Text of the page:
This is a good question since liquidity ratios measure ability to handle short-term liabilities. In theory, this means the portion of a company’s debt that is long term – not payable in the current fiscal year – should not matter. In practice, when times get tough, long term debt holders can “call the debt,” depending on the structure of the debt instruments. This is what happened to American investment bank Lehman brothers. As they descended deeper and deeper into the pit, some of their debt-holders exercised their rights to accelerate repayment. Here are the numbers for SRX compared to CSL.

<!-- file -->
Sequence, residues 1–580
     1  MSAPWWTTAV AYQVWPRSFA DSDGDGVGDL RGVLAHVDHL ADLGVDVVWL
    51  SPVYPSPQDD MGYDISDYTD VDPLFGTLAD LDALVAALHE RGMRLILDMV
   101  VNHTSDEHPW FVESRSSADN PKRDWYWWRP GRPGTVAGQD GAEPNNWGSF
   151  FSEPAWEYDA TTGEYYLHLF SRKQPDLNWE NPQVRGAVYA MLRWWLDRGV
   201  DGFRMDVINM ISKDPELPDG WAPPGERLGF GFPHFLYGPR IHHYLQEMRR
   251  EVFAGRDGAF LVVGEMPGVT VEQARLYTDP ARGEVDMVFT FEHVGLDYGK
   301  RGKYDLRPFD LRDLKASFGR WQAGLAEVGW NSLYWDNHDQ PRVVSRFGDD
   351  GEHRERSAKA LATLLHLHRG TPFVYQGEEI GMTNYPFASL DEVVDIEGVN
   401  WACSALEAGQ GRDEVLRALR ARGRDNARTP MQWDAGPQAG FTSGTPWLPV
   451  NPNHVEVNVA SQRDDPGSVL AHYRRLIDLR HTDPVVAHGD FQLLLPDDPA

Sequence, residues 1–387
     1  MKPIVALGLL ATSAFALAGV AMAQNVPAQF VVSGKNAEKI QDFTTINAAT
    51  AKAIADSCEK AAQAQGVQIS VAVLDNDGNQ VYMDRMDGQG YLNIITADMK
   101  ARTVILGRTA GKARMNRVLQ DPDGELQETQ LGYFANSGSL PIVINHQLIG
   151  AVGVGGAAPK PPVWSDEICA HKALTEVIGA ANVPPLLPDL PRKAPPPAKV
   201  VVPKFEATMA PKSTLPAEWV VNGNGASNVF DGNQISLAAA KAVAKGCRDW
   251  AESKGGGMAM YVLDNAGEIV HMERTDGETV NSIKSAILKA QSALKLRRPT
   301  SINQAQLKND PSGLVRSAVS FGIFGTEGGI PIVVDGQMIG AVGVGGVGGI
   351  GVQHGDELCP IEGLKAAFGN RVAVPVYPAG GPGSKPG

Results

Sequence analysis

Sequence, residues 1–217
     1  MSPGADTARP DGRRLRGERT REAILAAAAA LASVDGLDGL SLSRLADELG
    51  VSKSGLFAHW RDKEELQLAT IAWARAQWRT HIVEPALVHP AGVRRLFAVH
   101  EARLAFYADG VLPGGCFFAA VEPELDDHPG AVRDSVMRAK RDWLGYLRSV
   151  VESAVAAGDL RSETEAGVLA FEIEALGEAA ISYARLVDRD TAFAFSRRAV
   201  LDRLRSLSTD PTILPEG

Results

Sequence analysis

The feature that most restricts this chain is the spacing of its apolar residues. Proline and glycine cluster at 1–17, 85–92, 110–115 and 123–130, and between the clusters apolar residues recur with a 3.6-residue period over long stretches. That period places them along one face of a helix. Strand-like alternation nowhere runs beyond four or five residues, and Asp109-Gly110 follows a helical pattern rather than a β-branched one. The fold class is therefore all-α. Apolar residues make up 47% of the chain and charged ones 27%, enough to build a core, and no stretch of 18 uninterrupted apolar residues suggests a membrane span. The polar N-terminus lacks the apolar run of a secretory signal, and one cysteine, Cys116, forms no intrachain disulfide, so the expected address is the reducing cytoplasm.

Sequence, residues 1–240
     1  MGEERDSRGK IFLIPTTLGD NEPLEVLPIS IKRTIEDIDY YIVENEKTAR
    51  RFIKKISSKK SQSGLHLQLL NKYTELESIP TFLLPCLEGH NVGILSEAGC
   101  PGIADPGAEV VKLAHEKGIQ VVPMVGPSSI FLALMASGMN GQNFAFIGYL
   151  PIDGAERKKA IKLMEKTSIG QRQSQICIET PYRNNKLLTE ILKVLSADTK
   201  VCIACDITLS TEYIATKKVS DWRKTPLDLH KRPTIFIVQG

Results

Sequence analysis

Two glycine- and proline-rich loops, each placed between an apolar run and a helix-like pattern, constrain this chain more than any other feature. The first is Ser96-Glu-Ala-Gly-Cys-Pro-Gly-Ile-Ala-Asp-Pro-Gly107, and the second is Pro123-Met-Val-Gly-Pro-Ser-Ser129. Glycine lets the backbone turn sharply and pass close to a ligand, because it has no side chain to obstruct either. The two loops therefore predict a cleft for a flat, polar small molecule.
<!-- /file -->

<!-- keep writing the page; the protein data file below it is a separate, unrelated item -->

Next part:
Both companies are very liquid. A ratio of 4 means the company could meet its current short-term obligations four times over. However, the stunning number here is Total Debt, and no, that is not a typo in the SRX column. They do not owe anybody anything.
Market Valuation Ratios
Market valuation ratios are the favored analytical tool of many investors because they use a real value that cannot be manipulated – the market price per share. All these ratios use the price market participants are willing to pay compared to other company indicators – earnings per share, expected growth, book value, and total sales. Here are the numbers:
|Price to Earnings (P/E)||25.31||19.2||14.8|
|Price to Earnings Growth (PEG)||10||2.06||10|
|Price to Book (P/B)||5.65||4.42||2.03|
|Price to Sales (P/S)||4.51||2.24||8.57|